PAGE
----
Ian McLagan dies at 69; rock keyboardist played with the Small Faces

Ian McLagan, part of the first wave of British rockers to gain a wide American fan base, dies at 69

Ian McLagan, who as keyboardist for the Small Faces and later the Faces was part of the first generation of British rockers to gain a wide American following, died Wednesday in Austin, Texas. He was 69.

His death, a day after he had a stroke, was announced on his website.

McLagan joined Small Faces in 1965 and with a jubilant style reminiscent of jazz organist Jimmy Smith, quickly began to help shape the band's festive rock sound. Its best-known song in the United States was "Itchycoo Park," a 1968 Top 20 hit that Rolling Stone magazine called "one of the all-time great psychedelic pop songs."

When singer-guitarist Steve Marriott left the band in 1969, Rod Stewart signed on to replace him and with McLagan, guitarist Ron Wood, bass player Ronnie Lane and drummer Kenney Jones rebranded the group as the Faces.

The Faces' 1971 album "A Nod Is as Good as a Wink…to a Blind Horse" made Billboard's Top 10 with the hit single "Stay With Me."

Both bands were inducted into the Rock and Roll Hall of Fame in 2012.

After the Faces broke up in the mid-1970s with Stewart's departure, McLagan was Stewart's organist on such hits as "Maggie May" and "You Wear It Well."

He also collaborated with several of the rock era's most stellar acts, including Chuck Berry, Bob Dylan, Bonnie Raitt, Bruce Springsteen and the Rolling Stones. He performed on the Stones' 1978 album "Some Girls," including the organ solo on the hit single "Miss You."

In his last decades McLagan led his own Bump Band, which became a fixture on the Austin music scene. He also released several solo albums, including a 2008 tribute to Lane, his Small Faces bandmate who died of multiple sclerosis in 1997.

McLagan was born in London on May 12, 1945. As a teenager he was entranced by American jazz and blues, particularly the work of Muddy Waters and Thelonious Monk. Self-taught, he was playing organ for small British bands, including the Muleskinners, before he was 20.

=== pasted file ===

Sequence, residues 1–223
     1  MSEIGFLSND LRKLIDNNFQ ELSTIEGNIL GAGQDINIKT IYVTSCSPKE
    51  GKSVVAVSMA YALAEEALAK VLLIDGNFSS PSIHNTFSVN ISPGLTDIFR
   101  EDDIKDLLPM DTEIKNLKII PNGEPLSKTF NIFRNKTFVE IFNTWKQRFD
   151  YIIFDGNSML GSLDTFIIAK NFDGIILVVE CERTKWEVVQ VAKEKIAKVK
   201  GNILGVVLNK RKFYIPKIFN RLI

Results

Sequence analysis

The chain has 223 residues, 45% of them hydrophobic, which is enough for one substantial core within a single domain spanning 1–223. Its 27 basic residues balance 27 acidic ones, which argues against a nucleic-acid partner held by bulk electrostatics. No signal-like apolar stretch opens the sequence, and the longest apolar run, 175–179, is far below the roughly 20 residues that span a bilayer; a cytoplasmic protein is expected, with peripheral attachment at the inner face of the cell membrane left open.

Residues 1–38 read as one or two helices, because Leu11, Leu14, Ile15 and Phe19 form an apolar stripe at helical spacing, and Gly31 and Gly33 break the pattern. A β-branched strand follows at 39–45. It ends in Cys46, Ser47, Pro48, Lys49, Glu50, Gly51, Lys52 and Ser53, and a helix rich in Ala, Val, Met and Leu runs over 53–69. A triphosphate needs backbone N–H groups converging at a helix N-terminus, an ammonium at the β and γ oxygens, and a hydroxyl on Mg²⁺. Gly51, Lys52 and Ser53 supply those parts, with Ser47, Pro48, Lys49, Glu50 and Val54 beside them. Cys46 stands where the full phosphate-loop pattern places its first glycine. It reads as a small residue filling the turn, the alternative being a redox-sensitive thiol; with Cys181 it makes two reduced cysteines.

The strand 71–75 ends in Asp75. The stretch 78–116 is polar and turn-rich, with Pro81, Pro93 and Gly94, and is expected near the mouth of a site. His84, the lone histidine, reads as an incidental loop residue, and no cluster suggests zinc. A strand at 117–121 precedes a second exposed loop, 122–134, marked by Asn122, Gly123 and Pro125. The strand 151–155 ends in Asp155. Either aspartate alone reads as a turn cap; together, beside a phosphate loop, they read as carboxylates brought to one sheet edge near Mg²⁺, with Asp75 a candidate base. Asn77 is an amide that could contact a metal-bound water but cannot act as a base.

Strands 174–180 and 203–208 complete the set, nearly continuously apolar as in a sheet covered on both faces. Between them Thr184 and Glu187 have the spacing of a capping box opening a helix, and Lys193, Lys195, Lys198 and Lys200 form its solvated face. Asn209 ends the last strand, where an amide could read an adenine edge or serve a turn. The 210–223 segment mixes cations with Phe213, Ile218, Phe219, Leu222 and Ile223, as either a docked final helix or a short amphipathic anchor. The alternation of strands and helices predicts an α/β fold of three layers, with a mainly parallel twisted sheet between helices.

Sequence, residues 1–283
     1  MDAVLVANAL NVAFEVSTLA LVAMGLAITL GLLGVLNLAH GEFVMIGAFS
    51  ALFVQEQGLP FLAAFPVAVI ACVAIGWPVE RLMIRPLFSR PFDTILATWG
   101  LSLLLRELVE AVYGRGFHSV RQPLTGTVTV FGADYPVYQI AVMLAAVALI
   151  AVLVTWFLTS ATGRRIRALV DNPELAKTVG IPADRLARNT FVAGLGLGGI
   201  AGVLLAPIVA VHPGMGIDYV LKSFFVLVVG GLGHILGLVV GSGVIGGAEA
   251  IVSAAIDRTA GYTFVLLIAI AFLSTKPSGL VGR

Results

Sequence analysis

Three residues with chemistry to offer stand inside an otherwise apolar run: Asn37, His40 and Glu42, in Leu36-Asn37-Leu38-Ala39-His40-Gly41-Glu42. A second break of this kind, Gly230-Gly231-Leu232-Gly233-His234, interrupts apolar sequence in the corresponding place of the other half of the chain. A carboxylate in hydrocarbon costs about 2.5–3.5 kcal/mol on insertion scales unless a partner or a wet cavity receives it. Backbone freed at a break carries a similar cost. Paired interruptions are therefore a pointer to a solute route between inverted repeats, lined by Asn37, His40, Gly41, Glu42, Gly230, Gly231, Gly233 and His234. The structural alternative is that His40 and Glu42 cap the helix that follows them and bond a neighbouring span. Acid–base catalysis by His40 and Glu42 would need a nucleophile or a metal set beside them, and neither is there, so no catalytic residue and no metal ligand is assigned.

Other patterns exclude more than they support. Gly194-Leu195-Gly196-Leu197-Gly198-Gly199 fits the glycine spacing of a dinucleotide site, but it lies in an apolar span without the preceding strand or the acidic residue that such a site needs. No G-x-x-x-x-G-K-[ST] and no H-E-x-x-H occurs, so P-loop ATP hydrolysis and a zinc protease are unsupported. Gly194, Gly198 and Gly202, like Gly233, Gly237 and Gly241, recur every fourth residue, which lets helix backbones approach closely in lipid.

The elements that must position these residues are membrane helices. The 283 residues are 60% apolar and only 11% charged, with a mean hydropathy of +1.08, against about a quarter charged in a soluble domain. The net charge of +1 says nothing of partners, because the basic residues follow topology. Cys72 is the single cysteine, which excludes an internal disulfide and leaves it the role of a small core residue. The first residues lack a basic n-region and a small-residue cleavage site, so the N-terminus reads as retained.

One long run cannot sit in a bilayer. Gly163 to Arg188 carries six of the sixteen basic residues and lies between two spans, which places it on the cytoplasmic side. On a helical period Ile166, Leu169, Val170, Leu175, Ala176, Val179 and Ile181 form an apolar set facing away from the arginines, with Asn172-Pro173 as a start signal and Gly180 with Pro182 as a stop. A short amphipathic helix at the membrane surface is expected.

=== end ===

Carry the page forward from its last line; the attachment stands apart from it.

He was depressed over the travails of one of his bands when the manager of Small Faces called him. "It felt like I was just plucked out of nowhere," he told National Public Radio in 2009.

Following in the tracks of the Beatles and the Stones, the Small Faces and its successor helped define the mod sounds of the mid-1960s and 1970s.

After the Faces split up, McLagan continued to perform around the country, including a 1981 concert in Pasadena in which he carried on the band's "ideal of playing sloppy, unaffected rock 'n' roll just for fun — polish and glamour be damned," wrote Los Angeles Times critic Steve Pond.

McLagan lived in Los Angeles for 16 years before moving to Austin in 1994 with his wife Kim, the ex-wife of drummer Keith Moon.

She died in a car accident in 2006. McLagan's survivors include his son, Lee; a brother, Mike; and a granddaughter.

His 2000 memoir "All the Rage" described four decades in rock, using drugs, trashing hotel rooms and frolicking with groupies. "You can't read the book without wishing anew every other page or so that you were sitting across from McLagan in a cozy pub with a couple of cold pints on the table," John Foyston wrote in a review for the Oregonian.

On the day he died, McLagan had been scheduled to begin a North American tour. His manager, Ken Kushnick, called McLagan "a true rock 'n' roll spirit."

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